John Davies can re-enter Hungary ! and engagement with traffickers

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John Davies (
Fri, 25 Sep 1998 14:16:40 +0100

Dear All,

The Central Immigration Office in Budapest has upheld my appeal and has struck down the exclusion order issued by the Szeged Immigration Office.

The CIO has upheld our contention that I could not be considered a threat to public safety and has said that I should be allowed to resume my residency in Hungary. Cathy received the official notice this morning.

I would like to thank everyone who sent faxes of support to the CIO. The CIO received more than fifty faxes from concerned groups and individuals, including the local Mayor of our home town in Hungary.

My son Benjamin will have his 14th Birthday next month and I will be able to spend it with him. All my family would also like to send their thanks to everyone who sent a fax of support and Melody 10 and Kimberley 6 will be sending you a home-made thank you card by e-mail next week.

I am presently working with Julie and Mihaila on mapping trafficking/migration routes to Turkey and Greece. I met a group of "traffickers" in Greece who are mainly interested in recruiting women for Thessalonki sex clubs, and they were very interested in ensuring that women referred to them genuinely wanted to participate in sex work.

All of them said that they no longer worked with Albanian agents as many of the women referred by them were coerced or deceived and as such were not suitable for club work. The Albanian women seemed to be excluded from mainline sex work because of this perception and as such are not able to benefit from the support of other women working in sex work. I met a number of very young Albanian sex workers and trafficking by deceit and then coercion seems endemic. Their illegal immigration status effectively prevents them from being able to engage with more emancipated sex workers.

There were a number of sex workers from the UK and Denmark working in the Thessalonki clubs, and many of the Ukrainian, Hungarian and Czech women said that association with the British and Danish women had raised their own expectations and helped them assert their own interests. Most women with permits had their own rented apartments in the Perea beach area and where able to change work venues whenever they wanted.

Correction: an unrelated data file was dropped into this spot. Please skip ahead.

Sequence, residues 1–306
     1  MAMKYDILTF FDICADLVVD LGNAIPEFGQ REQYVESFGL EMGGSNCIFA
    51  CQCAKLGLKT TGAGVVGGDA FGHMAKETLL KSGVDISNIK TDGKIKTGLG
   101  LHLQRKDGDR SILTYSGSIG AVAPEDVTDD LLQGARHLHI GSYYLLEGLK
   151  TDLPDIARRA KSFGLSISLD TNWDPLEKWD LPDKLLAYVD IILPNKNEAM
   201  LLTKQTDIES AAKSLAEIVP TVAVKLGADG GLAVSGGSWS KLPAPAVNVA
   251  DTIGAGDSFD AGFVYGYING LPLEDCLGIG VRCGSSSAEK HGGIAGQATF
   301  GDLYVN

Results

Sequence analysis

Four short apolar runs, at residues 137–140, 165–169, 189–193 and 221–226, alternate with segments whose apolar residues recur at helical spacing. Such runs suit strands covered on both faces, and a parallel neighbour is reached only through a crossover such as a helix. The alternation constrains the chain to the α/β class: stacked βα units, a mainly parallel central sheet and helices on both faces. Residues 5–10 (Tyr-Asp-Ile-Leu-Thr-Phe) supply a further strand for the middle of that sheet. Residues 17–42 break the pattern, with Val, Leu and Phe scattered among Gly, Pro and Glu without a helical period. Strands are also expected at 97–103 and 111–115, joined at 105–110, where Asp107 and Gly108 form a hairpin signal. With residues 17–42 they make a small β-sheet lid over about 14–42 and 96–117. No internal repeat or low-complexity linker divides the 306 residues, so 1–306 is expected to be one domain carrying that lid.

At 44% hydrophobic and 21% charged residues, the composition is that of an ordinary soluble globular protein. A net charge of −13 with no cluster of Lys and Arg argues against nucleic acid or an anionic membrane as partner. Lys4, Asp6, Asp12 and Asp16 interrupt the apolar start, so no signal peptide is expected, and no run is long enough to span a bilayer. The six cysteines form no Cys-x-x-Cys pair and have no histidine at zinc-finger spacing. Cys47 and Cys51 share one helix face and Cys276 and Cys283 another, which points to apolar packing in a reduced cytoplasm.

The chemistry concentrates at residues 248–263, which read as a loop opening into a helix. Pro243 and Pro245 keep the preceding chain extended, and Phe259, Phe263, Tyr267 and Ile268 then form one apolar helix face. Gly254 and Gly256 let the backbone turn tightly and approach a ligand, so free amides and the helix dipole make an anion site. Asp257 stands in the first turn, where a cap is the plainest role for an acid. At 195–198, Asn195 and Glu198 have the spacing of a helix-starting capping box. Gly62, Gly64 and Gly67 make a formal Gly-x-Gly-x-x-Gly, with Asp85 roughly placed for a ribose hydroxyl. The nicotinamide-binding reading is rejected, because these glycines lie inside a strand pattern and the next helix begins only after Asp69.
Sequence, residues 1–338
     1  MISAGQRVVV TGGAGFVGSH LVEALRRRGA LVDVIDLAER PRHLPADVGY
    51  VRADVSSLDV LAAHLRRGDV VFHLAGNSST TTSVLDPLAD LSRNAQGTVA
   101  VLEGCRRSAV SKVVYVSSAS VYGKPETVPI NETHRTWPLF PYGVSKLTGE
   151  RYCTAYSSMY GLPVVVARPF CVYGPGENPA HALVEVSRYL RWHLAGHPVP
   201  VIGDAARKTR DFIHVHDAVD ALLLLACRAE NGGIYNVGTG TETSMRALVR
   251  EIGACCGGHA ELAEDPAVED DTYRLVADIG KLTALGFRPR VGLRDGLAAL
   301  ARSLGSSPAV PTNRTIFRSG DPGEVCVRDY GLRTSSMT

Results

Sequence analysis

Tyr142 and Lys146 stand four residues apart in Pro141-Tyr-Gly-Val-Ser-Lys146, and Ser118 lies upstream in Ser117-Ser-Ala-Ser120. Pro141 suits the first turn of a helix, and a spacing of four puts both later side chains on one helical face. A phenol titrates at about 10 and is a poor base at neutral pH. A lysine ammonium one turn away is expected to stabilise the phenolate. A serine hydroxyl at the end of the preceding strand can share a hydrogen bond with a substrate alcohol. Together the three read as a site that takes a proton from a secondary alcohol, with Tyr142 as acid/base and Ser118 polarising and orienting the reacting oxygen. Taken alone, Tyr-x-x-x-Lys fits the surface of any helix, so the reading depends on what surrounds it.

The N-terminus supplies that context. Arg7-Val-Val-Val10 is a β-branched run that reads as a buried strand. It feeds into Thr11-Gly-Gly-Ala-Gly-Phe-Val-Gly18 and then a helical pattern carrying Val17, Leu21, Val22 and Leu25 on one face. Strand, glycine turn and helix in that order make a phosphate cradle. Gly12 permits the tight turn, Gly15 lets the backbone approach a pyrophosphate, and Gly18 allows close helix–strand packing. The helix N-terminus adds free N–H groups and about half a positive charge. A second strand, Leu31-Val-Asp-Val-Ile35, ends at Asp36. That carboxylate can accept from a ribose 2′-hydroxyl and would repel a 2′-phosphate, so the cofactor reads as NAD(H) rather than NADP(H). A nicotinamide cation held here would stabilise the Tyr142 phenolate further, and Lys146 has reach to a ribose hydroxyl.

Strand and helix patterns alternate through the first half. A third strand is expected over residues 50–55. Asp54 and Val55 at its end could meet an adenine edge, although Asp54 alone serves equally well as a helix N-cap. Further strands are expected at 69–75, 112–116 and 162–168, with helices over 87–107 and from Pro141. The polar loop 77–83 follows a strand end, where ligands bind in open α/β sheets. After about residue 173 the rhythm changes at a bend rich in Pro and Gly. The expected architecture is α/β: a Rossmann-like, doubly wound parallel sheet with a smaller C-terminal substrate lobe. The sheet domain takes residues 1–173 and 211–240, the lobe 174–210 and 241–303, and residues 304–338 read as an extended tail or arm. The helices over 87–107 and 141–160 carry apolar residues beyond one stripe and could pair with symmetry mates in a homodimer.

The women identified the difficulty in acquiring work permits as dancers as the main obstacle to being able to function normally. A woman with a work permit as a dancer can live independently of any facilitator and most work independently changing clubs when they want. Without the work permit women must rely on various agents or protectors to enable them to work illegally. Women with work permits were able to engage with local health services and did so on a regular basis, women without permits hardly ever consulted medical services and would often self medicate.

A couple of the British and Danish sex workers and a Hungarian sex worker said they would be willing to help advise new migrants on accommodation and safe working venues and participate in the design of any project intended to engage with sex workers in Thessaloniki. Two agents also said that they would be willing to contribute advice to any project intended to protect and empower migrant women and that they would cooperate with any such project.

The women said that agents varied greatly in the services provided and that it is vitally important that any trafficking service operated as a proper travel facilitator and not as an international "pimp". The best agents could arrange work permits, and accommodation on arrival with also a choice of work places. Without a work permit it was important to have safe accommodation on arrival and a pre-arranged discreet working place.

We spoke with six Romanian women who were being deported after only nine days in Greece, they identified the lack of proper accommodation as the main reason that they were vulnerable and were therefore willing to work in a venue that gave them accommodation on the premises. Such accommodation was overpriced and created the possibility that they could have fallen into considerable debt to the manager. Living at the bar prevented them from easily changing work venues and also made them vulnerable to arrest and deportation. They certainly considered that their agent in Romania had deceived regarding their work conditions and accommodation. Their agent was a woman.

Next time they intend to send one woman ahead to rent an apartment and arrange work before the others arrive.

Anyway I will keep the list advised of any developments in Greece.

Best regards

John Davies.

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